Greece facing financial meltdown

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Published: Wednesday 1st July 2015 by The News Editor

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Greece is teetering on the brink of financial meltdown after becoming the first developed nation to default on an IMF loan.

The international crisis escalated as the deadline for repaying 1.6 billion euro of debt passed. But desperate efforts are still under way to strike a deal that could stave off economic disaster.

The eurogroup of ministers are due to hold a conference call at 10.30am BST to discuss yet another proposal from the Athens government. But there are doubts over whether progress can be made after German chancellor Angela Merkel refused to consider releasing emergency funds from the eurozone stability mechanism before the Greeks hold a referendum on Sunday.

Markets across the world are braced for more turmoil as a Greek exit from the euro – and potentially the EU – becomes ever more likely. The FTSE shed nearly 100 points yesterday on top of losses from Monday, taking it close to the 6,500 mark.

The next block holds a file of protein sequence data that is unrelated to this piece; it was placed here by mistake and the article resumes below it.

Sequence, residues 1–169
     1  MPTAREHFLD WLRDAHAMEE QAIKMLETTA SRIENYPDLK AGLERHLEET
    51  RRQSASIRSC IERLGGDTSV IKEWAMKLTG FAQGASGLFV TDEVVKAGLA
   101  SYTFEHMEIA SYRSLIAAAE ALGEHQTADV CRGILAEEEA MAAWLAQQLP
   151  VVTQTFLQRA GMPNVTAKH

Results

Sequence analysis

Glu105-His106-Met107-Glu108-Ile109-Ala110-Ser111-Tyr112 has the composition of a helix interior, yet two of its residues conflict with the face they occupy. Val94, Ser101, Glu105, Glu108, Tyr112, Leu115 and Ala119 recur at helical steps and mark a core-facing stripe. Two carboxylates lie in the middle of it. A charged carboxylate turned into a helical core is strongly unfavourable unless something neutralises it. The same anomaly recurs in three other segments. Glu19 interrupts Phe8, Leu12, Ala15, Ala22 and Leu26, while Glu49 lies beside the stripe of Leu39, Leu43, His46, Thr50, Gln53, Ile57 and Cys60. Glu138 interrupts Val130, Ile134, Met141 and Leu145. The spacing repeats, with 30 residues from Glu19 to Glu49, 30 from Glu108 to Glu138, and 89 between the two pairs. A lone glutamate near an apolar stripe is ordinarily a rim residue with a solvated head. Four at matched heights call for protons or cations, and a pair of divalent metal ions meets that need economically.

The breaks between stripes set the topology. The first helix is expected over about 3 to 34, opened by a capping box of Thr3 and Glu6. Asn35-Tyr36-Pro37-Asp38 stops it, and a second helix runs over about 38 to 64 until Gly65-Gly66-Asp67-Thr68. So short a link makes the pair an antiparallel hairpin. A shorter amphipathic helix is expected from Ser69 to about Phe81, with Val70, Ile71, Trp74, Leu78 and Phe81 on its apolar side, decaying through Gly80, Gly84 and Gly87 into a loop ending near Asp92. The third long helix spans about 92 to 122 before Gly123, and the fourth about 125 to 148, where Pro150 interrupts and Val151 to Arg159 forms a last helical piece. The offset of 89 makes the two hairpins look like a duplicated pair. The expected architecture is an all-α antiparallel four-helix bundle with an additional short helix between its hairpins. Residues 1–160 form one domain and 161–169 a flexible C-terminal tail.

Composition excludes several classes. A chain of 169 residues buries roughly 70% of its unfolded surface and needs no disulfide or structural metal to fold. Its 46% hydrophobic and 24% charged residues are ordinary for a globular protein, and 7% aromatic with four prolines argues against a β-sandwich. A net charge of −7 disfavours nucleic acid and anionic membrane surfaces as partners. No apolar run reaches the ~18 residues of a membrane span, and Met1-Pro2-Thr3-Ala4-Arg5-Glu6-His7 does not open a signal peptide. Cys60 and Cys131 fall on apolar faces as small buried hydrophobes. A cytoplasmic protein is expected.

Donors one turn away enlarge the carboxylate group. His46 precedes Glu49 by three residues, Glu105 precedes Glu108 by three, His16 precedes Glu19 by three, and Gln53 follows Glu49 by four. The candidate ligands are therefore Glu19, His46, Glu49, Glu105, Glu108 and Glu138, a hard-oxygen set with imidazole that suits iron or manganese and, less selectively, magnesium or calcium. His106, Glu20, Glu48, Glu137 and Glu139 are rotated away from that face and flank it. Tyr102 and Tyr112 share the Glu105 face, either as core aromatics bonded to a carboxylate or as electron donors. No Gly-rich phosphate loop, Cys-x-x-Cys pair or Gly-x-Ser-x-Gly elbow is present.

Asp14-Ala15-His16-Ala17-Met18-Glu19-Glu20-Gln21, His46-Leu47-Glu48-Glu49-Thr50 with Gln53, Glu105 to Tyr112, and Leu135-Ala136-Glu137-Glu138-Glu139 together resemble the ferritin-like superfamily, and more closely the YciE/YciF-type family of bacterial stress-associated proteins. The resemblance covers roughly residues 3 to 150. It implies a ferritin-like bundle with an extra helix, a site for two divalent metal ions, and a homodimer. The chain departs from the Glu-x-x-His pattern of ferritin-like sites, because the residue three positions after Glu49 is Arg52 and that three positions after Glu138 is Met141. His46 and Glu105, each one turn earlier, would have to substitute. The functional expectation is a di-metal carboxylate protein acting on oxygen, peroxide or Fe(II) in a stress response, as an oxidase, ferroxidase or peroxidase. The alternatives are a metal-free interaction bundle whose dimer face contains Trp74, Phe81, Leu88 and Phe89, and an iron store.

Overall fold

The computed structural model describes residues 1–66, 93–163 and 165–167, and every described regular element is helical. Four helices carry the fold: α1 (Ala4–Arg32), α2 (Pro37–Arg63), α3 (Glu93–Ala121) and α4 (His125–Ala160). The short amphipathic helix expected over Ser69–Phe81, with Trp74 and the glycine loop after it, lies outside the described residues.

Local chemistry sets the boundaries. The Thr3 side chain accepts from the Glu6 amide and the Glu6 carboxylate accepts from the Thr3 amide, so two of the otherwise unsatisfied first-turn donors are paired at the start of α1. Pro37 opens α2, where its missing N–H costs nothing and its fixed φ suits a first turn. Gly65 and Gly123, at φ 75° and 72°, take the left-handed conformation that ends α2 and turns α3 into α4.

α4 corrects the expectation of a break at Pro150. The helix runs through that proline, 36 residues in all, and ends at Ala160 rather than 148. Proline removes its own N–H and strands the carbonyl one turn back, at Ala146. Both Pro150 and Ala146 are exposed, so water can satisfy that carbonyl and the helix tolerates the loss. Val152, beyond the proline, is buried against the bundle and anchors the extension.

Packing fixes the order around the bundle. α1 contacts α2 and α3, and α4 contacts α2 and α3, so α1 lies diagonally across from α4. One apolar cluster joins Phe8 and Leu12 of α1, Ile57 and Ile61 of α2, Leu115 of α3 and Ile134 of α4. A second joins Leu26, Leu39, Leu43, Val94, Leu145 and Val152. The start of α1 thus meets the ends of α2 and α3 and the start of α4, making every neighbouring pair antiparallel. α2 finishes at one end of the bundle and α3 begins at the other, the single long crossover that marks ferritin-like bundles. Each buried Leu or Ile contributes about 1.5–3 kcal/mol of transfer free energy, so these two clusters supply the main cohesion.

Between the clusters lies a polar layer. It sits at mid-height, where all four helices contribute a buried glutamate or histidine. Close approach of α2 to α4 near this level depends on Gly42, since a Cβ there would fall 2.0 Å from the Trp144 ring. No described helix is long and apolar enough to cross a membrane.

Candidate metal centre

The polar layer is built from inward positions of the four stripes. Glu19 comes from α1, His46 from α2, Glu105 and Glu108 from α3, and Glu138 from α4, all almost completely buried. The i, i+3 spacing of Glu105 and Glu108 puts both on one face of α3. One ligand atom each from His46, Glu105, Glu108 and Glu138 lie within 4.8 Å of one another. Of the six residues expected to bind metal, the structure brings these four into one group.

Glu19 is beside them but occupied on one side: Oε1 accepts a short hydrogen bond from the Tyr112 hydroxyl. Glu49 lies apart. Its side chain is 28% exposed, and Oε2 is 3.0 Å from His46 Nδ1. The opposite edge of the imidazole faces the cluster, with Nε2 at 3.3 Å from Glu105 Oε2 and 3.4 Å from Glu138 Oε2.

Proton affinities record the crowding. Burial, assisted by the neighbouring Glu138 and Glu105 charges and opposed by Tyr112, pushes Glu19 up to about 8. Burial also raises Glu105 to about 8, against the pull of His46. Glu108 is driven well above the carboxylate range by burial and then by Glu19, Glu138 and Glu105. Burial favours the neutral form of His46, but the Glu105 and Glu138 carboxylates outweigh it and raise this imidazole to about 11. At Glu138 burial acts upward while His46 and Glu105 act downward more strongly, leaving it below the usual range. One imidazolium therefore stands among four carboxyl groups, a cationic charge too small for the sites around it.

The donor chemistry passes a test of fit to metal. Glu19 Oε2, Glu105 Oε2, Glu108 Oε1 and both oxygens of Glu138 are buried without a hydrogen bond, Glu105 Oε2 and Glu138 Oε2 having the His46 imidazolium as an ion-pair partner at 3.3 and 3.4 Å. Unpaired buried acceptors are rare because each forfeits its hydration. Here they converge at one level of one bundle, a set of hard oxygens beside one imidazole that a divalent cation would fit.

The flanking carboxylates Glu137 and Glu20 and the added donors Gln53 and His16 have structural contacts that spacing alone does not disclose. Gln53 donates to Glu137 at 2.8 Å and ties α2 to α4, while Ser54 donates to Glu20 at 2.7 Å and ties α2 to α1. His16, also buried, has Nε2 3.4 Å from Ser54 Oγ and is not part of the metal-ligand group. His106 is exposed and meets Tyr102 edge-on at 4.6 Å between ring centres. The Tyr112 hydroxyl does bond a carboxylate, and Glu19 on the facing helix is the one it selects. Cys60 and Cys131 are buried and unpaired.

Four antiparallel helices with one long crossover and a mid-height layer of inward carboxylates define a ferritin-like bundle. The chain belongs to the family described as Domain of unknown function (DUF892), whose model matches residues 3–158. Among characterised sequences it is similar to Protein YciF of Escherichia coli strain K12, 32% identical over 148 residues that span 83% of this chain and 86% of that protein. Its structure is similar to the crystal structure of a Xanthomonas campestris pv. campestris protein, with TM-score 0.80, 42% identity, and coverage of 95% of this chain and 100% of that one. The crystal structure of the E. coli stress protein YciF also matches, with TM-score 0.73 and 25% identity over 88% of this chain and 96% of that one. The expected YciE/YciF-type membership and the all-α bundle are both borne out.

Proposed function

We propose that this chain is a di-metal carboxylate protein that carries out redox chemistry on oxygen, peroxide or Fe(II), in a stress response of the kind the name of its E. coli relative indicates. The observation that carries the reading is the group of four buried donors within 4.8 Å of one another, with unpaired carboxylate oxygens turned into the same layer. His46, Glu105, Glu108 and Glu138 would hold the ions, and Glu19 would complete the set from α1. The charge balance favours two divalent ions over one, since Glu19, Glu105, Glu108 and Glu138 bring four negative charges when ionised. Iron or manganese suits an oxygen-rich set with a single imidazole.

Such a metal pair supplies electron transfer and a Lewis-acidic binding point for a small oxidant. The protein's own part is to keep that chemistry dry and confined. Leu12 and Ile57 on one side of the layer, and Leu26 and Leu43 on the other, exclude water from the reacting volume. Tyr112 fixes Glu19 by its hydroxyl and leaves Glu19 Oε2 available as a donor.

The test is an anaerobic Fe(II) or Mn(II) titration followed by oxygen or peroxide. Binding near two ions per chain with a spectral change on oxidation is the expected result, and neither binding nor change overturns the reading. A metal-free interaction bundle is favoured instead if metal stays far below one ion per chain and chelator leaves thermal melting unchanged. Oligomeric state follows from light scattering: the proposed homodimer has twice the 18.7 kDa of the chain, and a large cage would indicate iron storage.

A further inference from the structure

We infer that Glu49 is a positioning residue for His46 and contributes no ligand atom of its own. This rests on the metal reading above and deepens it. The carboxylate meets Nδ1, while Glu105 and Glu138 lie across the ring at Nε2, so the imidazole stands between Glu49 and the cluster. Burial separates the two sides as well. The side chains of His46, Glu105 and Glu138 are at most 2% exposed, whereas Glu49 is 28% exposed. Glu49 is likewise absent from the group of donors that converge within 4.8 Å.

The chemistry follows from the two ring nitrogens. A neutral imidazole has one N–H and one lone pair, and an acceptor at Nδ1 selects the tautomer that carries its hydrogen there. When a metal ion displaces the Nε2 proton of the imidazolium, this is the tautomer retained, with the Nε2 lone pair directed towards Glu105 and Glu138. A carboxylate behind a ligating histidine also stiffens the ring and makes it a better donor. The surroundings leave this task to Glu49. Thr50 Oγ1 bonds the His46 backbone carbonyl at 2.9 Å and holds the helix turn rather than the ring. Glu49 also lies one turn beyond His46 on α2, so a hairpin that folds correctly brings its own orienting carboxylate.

Ministers have been making contingency plans to minimise any contagion from a Greek banking collapse, although the direct exposure of British institutions is thought to be minimal.

The left-wing Syriza government, elected on an anti-austerity platform, has been in talks for months with its Troika of creditors – the IMF, the European Central Bank (ECB) and the European Commission. Greek prime minister Alexis Tsipras has urged the country to vote against demands for spending cuts and tax rises in the national poll on Sunday. However, EU leaders have warned that a rejection would effectively mean Greece leaving the eurozone.

Published: Wednesday 1st July 2015 by The News Editor

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